The Fresh Loaf

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Hamelman Vermont Sourdough

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Mebake's picture
Mebake

This is baked from Hamelman's "BREAD", in levain section. It is naturally leavened, with 10% wholewheat or so. I increased the hydration from 68% to 78%, as i like a softer dough. everything went as scheduled, but i ended up in bed at 1:00 am! a chronic symptom of my late sourdough baking...!

Therefore, i thought of an idea, which is reducing the prefermented flour to 10% to allow 21 hours retarded bulk fermentation, and consequently allows me to continue baking next day without having to sleep late.

I have not turned the oven down from 500F once i loaded the loaf in, and this is the crust i got:

The cavern at the loaf's top is a result of ignoring the significance of patting the dough even during preshaping.

The flavor is not bad, considering that it recieved no retardation. As dull as it may seem, the flavor will awaken once a slice is toasted!

 Khalid

Ryan Sandler's picture
Ryan Sandler

Inspired by dmsnyder's post about Hamelman's Vermont Sourdough with Increased Whole Grain, and is recommendation of it to those seeking "a more sour sourdough" (sign me up!), I decided to make that my Sunday bake.  Friday morning I refreshed my firm starter, and changed some of it to a 125% liquid starter, then made the preferment levain friday night, and was all ready to mix the dough Saturday morning.


What I did not realize, at first anyway, is that the amounts of ingredients in my printing of Bread are horribly, horribly wrong. The dangers of not consulting Hamelman's errata before making a new formula, I guess.  The percentages, as given in the book, are supposed to be 85% bread flour, 15% whole rye, 65% water, 1.9% salt, with 20% of the total flour prefermented in the liquid levain, and is supposed to be based on 2lbs of flour.  If you follow the home-baker amounts, however, you'd end up with 70% bread flour, 30% rye, 3.8% salt and a ridiculous 30% water, based on 1 lb of flour.  If figured this out in stages.


It was pretty easy to figure out something was wrong when I did the initial mix and had a 4.8 oz. of water in 16 oz. of flour.  Doesn't make much of a dough, funnily enough :P.  So I add some more water to bring it up to 65% hydration.  But something seemed off.  The dough seemed kinda pasty.  At this point it occurred to me to check the math on the rye percentage.  I wasn't really wanting to deal with a 30% rye bread so I improvised, threw in more bread flour and water to make the bread to make 2lbs of flour with 65% hydration.


But then I only had 10% of the flour prefermented, and only half as much levain as the formula needed.  Improvisation again! I still had about 4oz of firm starter in the fridge from the day before, so I threw about 3 oz in when I added the salt (the formula is made with an autolyze.


I ended up bulk fermenting for much longer than the 2.5 hours Hamelman calls for, more like 4 hours, and even then it seemed pretty sluggish.  But I eventually went ahead and shaped two big loaves, placed them in brotforms and retarded overnight.  I baked them this morning and...drumroll...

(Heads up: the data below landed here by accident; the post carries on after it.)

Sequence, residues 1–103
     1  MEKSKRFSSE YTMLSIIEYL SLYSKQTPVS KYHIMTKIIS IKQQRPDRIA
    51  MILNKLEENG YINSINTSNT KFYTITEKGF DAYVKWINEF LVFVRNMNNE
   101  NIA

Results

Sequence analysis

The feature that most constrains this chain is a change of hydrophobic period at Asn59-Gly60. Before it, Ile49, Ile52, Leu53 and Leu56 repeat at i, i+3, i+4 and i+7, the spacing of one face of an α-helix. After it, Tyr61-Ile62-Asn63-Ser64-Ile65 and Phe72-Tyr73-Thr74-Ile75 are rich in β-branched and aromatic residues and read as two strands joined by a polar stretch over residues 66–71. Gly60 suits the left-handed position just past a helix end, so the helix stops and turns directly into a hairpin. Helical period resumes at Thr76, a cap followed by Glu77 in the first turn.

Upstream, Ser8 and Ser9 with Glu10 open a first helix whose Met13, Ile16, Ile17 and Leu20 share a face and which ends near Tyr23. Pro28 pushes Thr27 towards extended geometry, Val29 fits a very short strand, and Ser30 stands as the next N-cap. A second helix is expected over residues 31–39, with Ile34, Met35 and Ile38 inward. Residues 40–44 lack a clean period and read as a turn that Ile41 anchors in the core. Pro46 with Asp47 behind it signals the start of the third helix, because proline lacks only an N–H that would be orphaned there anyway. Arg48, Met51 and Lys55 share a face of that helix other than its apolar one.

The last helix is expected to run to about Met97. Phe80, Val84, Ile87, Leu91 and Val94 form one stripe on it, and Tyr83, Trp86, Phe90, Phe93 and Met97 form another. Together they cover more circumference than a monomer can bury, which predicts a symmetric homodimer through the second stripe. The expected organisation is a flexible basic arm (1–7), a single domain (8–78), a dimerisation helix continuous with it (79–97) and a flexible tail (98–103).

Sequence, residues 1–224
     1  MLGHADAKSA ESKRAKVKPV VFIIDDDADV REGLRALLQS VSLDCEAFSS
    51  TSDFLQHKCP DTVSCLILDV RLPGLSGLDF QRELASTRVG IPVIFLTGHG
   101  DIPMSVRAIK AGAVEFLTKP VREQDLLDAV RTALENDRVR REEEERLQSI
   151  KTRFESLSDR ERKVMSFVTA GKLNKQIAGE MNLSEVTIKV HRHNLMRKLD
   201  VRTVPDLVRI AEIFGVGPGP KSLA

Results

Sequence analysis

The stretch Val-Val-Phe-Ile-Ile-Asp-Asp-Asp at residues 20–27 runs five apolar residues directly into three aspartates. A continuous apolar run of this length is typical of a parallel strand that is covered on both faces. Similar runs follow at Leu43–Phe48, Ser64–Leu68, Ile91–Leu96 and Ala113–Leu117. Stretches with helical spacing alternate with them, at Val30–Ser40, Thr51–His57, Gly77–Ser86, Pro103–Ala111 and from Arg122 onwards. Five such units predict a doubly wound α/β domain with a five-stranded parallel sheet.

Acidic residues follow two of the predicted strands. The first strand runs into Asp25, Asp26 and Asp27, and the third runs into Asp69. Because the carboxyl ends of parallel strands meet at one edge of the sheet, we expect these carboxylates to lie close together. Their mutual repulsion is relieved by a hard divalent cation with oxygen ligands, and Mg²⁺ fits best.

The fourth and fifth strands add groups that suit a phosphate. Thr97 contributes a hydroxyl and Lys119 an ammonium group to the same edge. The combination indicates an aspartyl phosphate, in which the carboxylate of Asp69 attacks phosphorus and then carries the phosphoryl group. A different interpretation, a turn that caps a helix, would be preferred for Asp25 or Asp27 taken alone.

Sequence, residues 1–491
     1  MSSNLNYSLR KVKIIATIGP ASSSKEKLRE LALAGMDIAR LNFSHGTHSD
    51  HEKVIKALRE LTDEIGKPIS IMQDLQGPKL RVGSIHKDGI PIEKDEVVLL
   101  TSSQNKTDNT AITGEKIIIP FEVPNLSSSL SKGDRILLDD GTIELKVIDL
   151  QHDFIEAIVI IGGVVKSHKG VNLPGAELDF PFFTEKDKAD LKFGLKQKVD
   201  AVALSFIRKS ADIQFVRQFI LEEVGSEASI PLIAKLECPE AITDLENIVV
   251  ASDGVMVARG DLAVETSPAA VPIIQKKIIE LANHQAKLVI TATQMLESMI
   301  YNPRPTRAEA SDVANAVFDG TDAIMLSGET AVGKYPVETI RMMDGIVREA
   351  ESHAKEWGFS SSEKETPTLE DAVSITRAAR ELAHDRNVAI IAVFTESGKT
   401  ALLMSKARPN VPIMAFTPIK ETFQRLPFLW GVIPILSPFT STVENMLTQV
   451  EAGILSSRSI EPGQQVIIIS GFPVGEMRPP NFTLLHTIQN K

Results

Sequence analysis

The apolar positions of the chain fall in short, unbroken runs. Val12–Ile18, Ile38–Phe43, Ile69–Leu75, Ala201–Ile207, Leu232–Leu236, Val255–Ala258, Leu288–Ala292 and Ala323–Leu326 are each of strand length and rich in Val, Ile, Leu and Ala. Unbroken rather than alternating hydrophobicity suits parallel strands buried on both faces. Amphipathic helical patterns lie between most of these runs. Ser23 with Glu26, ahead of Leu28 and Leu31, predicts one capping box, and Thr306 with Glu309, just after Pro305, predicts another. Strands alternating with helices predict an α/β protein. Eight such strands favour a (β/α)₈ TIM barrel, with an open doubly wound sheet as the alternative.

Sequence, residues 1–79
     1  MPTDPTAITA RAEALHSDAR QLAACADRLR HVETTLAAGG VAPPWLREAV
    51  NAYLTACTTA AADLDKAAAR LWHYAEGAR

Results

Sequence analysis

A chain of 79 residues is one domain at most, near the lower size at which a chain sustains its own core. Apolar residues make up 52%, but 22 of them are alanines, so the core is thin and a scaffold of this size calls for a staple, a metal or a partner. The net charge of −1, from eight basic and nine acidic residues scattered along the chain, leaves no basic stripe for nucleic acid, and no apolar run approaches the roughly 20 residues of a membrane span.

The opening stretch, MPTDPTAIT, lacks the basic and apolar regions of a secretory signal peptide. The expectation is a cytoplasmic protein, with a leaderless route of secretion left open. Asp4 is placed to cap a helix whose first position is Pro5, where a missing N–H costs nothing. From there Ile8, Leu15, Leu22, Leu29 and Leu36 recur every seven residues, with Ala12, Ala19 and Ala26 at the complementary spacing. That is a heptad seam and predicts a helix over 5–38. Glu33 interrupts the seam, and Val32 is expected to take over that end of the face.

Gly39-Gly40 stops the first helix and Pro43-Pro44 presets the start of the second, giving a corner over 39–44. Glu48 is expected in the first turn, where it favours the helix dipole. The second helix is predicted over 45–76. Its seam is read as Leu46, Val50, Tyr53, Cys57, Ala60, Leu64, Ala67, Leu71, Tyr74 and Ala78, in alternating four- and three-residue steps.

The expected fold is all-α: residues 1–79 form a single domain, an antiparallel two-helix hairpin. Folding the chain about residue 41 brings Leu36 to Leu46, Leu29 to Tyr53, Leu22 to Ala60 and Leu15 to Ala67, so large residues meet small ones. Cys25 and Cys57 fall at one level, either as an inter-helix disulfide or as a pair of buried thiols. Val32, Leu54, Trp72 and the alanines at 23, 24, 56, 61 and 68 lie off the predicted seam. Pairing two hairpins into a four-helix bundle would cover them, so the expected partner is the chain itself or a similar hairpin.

It actually worked!  Great crumb, pleasant flavor.  Not overly sour, but I imagine that will change when I have some for breakfast tomorrow.  I got so much oven spring on the boule that I was sure there was just a single giant hole at the top and nothing else.  I was pleasantly surprised, to say the least!

Rodger's picture

All ye who pass, see if there is any sorrow like unto my sorrow

September 8, 2010 - 6:19am -- Rodger

I thought it would be entertaining to take the plunge into wild yeast, and perhaps it is, to some of you.  This loaf has an atomic weight somewhere in the 130s.  I think I'll start over from the beginning.



The caverns are probably from the few grains of commercial yeast I tossed in late in the game, thinking they might wake up the wild culture.  Oh well...

smasty's picture
smasty

Before I say anything, let me say thanks for the generous advice I've received!


I did it!  This was my 3rd attempt, and it's pretty close to perfect.  My culture was 16 days old, yesterday.  I began my pre-ferment at 7:00 pm yesterday, then at 7:00 am this morning I built the dough.  I could never figure out why Hamelman continually suggests "tasting for salt to be sure it wasn't forgotten."  I always wondered why someone could forget the salt.  Well, twice now I've almost forgotten it, since it is added after the autolyse.  My dough still took 6.5 hours to less-than-double, I gave it two folds during that time.  I proofed the loaves for about 1 1/4 hours, crossed my fingers and popped them in the oven.  I bought a probe thermometer yesterday....wowza...what a difference that makes, too.  I started the loaves at 460 degrees, after 10 minutes I lowered the temp to 435 (due to browning).  I now know that I've been pulling my loaves at about 160-170 degrees (internal temp)...way too low!  I had to lower the temp to 400 to keep the crust from overbrowning, and finally pulled them out when internal temp hit 200.  So, I started at 7:00 am and have bread at 4:30 pm (great bread!).  The crumb color is hard to discern in the pic since I didn't use a flash, but it's a great color.  I've learned so much by failing multiple times and asking for help.  Though I know I have much more to learn.  Thanks again for the great advice, encouragement and support! Now...just gotta hunt down a good bottle of wine!


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